Philosophical beauty in the art of bonsai

Philosophical beauty in the art of bonsai Avoiding the Japanese military Bonsai and oil painting Writing books on bonsai You can't change the weather Challenging Bonsai techniques

Transcripts available in the following languages:

Zen is actually, it’s beyond the beauty. It has to be beautiful but not just beautiful, it has to beyond the beautiful, which means not just colorful or good-looking shape or anything like that. It’s beyond that, which means, well, the quality and something you can’t describe it. You can describe it with art techniques. It’s more philosophical beauty. I don’t know. It’s very difficult to explain about this Zen, though, because it’s a religion, you know. So, it has to be beautiful but wabi or sabi, yeah. Well, it’s wabi or sabi, we call it wabi or sabi, which means it’s beautiful, but it’s more than beautiful. There’s more significant meaning than beautiful. Wabi or sabi is. This is what zen is.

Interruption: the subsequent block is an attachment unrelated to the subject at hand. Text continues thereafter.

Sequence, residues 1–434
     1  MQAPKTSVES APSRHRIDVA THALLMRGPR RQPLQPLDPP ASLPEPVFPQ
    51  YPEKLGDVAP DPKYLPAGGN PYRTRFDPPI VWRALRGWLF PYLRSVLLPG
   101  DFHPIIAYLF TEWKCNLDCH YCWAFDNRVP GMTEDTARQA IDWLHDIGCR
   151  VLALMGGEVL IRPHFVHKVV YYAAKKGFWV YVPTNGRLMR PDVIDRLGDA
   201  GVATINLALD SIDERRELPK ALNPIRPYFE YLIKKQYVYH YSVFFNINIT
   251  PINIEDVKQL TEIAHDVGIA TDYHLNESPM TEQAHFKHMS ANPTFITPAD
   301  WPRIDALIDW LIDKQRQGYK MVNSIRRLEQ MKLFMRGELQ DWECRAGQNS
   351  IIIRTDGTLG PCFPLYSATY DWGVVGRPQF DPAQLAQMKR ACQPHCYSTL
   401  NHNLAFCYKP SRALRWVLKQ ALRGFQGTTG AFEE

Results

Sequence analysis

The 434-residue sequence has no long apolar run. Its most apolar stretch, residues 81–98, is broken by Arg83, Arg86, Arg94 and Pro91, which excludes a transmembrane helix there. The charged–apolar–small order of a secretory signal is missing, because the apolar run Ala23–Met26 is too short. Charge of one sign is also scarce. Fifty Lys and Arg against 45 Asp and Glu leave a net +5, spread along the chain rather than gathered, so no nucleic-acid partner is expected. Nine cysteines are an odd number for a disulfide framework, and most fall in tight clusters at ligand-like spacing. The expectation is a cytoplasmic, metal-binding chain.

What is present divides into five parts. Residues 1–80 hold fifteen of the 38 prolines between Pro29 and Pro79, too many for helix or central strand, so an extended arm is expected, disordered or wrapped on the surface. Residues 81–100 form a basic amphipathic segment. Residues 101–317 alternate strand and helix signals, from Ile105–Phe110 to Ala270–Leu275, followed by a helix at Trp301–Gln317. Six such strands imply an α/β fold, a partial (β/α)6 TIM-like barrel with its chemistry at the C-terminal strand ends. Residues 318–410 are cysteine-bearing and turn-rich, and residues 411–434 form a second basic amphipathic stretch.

Shibui, wabi or sabi, shibui. It’s pretty hard to describe it in English, but like I say, it’s beautiful, of course, but that’s not just beautiful, you know. You have to have to have more moral thing than beautiful. It’s something, well, it’s pretty hard to describe it. I think only way is it’s beyond the beauty and not just the colorful or not just beautiful shape kind of thing. Of course, you have to have that, too, but it has to be beyond that.

Date: February 4, 2004
Location: California, US
Interviewer: Daniel Lee
Contributed by: Watase Media Arts Center, Japanese American National Museum

bonsai landscaping zen

Kizuna 2020: Nikkei Kindness and Solidarity During the COVID-19 Pandemic

Read the stories and share your own!

More Than a Game: Nikkei Sports

Read the Nikkei sports stories >>

Get updates

Sign up for email updates

Journal feed
Events feed
Comments feed

Support this project

Discover Nikkei

Discover Nikkei is a place to connect with others and share the Nikkei experience. To continue to sustain and grow this project, we need your help!

Ways to help >>

A project of the Japanese American National Museum

Major support by The Nippon Foundation